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Not novel, just better: competition between native and non-native plants in California grasslands that share species traits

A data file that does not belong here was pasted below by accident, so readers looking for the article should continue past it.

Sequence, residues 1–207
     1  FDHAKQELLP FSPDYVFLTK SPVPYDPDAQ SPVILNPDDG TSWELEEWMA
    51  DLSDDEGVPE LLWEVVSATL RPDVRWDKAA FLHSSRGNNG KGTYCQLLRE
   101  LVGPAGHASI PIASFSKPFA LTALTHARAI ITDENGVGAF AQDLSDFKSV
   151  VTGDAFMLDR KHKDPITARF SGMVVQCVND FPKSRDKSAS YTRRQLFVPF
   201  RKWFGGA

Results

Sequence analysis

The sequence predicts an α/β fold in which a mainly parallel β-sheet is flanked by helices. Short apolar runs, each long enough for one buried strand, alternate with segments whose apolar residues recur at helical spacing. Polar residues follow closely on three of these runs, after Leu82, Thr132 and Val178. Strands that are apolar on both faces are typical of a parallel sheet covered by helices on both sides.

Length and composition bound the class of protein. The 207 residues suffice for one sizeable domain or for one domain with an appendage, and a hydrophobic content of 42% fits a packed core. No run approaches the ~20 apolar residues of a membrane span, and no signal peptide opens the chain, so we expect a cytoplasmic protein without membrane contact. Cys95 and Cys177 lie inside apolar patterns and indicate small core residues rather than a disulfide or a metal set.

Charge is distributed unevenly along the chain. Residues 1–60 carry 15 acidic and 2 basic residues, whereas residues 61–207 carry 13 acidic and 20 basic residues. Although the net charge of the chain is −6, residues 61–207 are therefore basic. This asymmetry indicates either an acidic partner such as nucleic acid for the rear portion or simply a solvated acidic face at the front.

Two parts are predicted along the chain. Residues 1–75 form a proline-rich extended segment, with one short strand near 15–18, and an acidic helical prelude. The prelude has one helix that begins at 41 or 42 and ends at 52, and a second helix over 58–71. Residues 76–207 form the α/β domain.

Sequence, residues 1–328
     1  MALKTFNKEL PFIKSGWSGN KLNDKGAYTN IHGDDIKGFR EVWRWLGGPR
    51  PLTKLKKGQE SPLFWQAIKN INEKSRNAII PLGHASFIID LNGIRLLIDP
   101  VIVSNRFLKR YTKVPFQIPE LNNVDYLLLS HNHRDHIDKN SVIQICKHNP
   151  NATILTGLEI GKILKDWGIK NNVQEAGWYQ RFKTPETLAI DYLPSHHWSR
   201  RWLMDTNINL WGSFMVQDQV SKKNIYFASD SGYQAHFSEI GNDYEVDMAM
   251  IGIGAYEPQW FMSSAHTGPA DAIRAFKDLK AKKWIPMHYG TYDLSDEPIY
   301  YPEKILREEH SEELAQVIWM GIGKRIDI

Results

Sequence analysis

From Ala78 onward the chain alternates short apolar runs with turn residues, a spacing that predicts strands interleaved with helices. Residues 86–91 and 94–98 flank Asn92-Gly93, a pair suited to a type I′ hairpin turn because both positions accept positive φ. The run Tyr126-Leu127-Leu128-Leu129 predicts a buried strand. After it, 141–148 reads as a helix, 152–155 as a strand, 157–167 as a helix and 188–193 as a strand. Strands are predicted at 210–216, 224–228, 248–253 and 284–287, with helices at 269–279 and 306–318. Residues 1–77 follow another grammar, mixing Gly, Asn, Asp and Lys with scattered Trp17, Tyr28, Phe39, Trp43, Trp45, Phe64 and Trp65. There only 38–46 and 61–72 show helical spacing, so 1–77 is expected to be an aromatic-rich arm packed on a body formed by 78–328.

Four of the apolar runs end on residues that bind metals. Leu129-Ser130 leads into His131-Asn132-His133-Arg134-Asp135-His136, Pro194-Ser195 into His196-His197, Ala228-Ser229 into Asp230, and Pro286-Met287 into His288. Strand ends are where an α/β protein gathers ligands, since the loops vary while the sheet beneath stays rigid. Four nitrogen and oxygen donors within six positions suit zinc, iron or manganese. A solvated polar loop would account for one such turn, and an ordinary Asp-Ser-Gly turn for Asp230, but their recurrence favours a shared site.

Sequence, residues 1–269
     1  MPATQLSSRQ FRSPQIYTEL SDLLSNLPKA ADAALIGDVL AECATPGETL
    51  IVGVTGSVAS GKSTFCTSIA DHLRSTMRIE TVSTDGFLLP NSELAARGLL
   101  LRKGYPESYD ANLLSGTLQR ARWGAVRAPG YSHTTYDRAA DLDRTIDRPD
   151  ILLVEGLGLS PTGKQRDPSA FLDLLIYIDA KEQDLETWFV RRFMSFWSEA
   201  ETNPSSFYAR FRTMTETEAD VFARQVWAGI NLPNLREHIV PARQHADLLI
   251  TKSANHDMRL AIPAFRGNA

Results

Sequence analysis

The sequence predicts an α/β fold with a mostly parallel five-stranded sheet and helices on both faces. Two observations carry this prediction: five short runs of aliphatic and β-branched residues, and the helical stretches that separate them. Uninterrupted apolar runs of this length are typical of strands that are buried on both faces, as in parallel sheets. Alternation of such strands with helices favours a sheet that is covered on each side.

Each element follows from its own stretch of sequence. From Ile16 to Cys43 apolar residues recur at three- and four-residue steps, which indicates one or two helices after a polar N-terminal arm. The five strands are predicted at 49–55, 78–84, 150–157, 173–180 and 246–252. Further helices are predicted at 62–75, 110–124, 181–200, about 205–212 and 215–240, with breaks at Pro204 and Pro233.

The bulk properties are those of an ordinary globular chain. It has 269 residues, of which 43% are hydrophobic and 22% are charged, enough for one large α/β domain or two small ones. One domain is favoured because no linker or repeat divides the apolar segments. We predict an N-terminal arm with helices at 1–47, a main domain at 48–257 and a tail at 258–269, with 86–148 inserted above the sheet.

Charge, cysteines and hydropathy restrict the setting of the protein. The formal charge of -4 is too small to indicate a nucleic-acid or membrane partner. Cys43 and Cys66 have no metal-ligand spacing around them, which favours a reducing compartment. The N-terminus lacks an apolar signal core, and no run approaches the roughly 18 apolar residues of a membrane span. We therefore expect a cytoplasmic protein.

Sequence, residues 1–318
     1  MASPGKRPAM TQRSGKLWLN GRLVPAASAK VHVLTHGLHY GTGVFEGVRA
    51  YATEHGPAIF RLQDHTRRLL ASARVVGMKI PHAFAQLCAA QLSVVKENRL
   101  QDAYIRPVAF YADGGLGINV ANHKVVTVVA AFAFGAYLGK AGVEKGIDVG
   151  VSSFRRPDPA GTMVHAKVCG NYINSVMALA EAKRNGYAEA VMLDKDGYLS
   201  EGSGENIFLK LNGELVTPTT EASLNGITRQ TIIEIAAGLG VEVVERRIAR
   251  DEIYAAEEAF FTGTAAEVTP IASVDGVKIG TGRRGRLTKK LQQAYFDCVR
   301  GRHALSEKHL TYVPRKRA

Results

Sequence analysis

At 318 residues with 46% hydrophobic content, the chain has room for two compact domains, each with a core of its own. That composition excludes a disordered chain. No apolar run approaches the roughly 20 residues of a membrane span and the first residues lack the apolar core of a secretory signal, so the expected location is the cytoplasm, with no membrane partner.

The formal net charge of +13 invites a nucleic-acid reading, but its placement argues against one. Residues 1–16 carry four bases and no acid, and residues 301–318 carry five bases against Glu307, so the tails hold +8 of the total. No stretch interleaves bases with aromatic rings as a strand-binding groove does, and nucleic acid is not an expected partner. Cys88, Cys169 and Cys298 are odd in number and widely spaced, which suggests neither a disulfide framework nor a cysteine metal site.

Invasive plants have often been shown to possess novel traits such as the ability to fix nitrogen, access unused resource pools, or the ability to exude allelopathic chemicals. We describe a case of a successful invasion where the native and non-native species are very similar in most life-history characteristics including their growth forms, lifespan, and degree of summertime activity. Data from permanent transects suggest that exotic perennial grass invaders can establish into intact native-dominated grasslands, achieving cover values from 6 to 71% over several years. We also established a 4-year competition experiment to test the effect of each group—the native and non-native perennial grasses—on the other. Competitive interactions were found to consistently favor the non-native grasses: native perennial grass productivity was significantly lower in plots with exotic perennial grasses as compared to plots without exotic perennial grasses. By contrast, productivity of the exotic perennial grasses was not reduced by the presence of the native perennial grasses. These results suggest that competitive ability, rather than a unique trait, has contributed to the success of the exotic perennial grasses in our system. Management tools to control exotic perennial grass invasions are likely to negatively influence native perennial grass populations, as strategies that succeed against the invasive species may kill or reduce the native species as well.

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